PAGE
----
Among the 31 artworks scheduled for display in "Medieval Frescoes from the Vatican Museums Collection" on June 2 are seven pieces depicting images from the story of St. Catherine of Alexandria.
The Rev. Malcolm Neyland, the Catholic priest who convinced the Vatican City government to release the frescoes for exhibit in the Hub City, said the images of St. Catherine are among his favorite.
The seven frescoes were discovered in Sant'Agnese fuori le Mura (St. Agnes outside the Wall Church) in Rome and were painted between 1280 and 1300.
The 800- to 900-year-old images that once adorned the walls of Roman churches were painted by artists whose goal was to remind viewers of the stories about and deeds of saints and prophets, Neyland said.
"You have to realize, in the 11th and 12th, even into the 13th century, not too many people could read or write," Neyland said. "So the way things were handed down were either through oral tradition or painting, which is why, I think, so many frescos were painted in early Christendom to tell the stories, to pass them down."
St. Catherine of Alexandria, the story goes, was a virgin who was martyred for her fervent outcry against the persecution of Christians.
History records that Catherine was of noble birth and educated in the sciences.
At only 18 years old, she criticized Roman Emperor Maximinus.
Catherine was condemned to die on the wheel by the Roman Emperor Maximinus. But at her touch, the torture instrument was miraculously destroyed. Her image was found in most early European churches, representing her with a torture wheel.
The emperor was persecuting Christians violently, and Catherine scolded him for his cruelty. She also tried to prove to Max iminus that it was wrong to worship false gods.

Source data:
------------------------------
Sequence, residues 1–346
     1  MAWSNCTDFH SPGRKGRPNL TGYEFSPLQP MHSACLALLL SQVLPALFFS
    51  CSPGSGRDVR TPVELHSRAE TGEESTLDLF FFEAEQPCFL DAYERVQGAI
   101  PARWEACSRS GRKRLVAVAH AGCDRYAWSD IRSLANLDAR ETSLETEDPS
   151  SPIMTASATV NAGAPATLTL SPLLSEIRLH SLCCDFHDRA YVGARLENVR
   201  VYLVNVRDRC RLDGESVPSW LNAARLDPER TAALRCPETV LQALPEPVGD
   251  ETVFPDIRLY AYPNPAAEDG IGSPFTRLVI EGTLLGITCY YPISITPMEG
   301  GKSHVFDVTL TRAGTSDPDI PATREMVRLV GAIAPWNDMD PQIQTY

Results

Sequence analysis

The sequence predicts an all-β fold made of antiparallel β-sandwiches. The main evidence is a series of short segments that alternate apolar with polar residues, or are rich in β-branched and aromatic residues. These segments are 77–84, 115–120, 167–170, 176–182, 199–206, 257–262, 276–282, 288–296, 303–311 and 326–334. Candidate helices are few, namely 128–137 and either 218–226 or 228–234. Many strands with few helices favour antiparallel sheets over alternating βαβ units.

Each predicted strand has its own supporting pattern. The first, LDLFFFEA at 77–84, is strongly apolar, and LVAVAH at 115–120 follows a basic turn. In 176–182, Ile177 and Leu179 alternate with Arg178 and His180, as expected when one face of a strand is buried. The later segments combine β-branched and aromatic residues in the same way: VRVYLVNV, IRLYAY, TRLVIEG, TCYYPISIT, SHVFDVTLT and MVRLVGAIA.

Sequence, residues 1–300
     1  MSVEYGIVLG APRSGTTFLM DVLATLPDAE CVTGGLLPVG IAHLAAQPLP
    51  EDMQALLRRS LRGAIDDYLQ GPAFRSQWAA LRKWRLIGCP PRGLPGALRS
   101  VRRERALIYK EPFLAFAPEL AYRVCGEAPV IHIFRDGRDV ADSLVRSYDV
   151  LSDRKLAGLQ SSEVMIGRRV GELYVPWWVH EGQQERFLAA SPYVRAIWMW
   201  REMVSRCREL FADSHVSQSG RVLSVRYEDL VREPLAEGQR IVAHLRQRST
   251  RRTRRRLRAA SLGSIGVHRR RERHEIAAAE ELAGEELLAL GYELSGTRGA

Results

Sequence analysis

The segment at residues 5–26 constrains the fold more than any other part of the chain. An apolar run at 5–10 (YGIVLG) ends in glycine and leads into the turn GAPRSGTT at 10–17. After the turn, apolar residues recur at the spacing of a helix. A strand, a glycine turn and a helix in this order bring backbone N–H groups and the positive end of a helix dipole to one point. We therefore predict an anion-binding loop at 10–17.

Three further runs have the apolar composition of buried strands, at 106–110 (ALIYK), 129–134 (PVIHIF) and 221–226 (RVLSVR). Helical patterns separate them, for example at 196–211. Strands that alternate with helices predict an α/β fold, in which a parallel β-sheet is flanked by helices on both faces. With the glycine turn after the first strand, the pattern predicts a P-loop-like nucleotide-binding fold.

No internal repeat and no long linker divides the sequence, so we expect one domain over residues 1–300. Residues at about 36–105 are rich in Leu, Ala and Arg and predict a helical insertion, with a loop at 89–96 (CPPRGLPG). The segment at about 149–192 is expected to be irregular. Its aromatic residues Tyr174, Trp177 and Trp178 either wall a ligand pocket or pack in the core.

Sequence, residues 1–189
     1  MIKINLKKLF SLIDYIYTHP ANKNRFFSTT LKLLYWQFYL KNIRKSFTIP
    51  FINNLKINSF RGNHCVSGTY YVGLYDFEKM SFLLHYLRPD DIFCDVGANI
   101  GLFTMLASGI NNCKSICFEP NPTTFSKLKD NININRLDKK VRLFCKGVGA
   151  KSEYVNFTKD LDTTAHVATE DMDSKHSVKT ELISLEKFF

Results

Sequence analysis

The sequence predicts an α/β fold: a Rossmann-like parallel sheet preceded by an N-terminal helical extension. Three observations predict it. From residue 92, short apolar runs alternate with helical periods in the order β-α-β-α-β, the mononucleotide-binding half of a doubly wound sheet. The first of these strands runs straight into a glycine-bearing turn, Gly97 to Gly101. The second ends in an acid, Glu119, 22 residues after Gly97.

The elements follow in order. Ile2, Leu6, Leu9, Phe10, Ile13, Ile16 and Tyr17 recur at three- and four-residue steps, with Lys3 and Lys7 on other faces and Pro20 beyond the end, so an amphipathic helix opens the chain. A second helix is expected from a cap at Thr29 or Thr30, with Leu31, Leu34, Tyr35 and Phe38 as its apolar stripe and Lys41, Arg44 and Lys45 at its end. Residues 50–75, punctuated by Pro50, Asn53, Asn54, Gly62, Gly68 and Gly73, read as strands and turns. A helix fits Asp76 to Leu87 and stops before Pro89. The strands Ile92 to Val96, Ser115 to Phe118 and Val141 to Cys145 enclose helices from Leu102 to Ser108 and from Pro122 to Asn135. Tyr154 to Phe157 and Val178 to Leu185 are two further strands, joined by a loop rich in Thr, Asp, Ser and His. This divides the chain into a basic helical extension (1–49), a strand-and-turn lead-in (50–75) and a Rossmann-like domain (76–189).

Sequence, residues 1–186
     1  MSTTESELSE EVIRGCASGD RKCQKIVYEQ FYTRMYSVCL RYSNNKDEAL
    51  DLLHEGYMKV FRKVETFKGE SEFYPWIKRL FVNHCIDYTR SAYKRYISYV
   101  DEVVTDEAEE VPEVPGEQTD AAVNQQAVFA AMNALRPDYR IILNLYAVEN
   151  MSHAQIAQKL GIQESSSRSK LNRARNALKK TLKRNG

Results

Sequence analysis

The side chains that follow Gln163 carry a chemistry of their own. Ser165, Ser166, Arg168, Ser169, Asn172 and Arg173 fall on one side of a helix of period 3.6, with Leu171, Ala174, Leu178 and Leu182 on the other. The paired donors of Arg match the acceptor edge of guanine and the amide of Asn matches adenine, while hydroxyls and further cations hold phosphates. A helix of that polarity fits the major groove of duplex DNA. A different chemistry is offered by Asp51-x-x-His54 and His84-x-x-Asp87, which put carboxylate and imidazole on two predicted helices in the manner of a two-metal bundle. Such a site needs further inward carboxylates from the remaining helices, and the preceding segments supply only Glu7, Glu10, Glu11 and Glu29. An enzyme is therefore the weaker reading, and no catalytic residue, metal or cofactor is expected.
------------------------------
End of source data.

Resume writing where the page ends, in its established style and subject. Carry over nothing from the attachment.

Astonished at the girl's audacity, but unable to argue with her reasoned points, Maximinus detained Catherine in his palace and summoned scholars, whom he commanded to use all their skill in reasoning to convince Catherine to refute her belief in one God.
But Catherine, instead, converted several of her philosophical adversaries, and they were put to death by Maximinus.
Furious, the emperor had the girl scourged and then imprisoned.
After the empress visited Catherine in her dungeon, she too converted to Chris tianity and immediately was killed, too.
Soon afterward, Catherine was condemned to die on the wheel. But at her touch, the torture instrument was destroyed miraculously.
The enraged emperor then had her beheaded.
The story holds that angels carried Catherine's body to Mount Sinai, where a church and monastery were built in her honor.
The importance attached to the legend of the young martyr throughout the Middle Ages led to Greek, Latin and Arabic texts containing historical value no one was qualified to question. St. Catherine was invested by Catholic peoples with a halo of miraculous power.
Ranked as one of the 14 most helpful saints in heaven, she was showered with praise by preachers and sung of by poets.
Title: "Medieval Frescoes from the Vatican Museums Collection."
When: June 2-Sept. 15.
Where: Museum of Texas Tech.
Tickets: Free. However, tickets must be reserved in advance. Those reserving tickets must know the date and time of day that they wish to attend.
Information: 742-6800 or (866) 803-6873.
The Catholic Encyclopedia, Volume III, copyright 1908, by Robert Appleton Co.; Internet Online Edition, copyright 1999, by Kevin Knight)
Many chapels were placed under her
patronage, and a statue of St. Catherine was found in nearly all European churches, representing her, according to medieval iconography, with a wheel, her instrument of torture.
St. Catherine became the patroness of young maidens and female students.
After the spiked wheel became emblematic of the saint, wheelwrights and mechanics placed themselves under her patronage.
Finally, according to tradition, she not only remained a virgin by governing her passions and conquered her executioners by wearying their patience, but she also triumphed in science by baffling the sophists who argued against Christianity.
Thus, her intercession was implored by theologians, apologists, pulpit orators and philosophers.
Devotion to St. Catherine assumed vast proportions in Europe after the Crusades. And in the beginning of the 15th century, it was rumored that she had appeared to Joan of Arc and, together with St. Margaret, was divinely appointed Joan's adviser.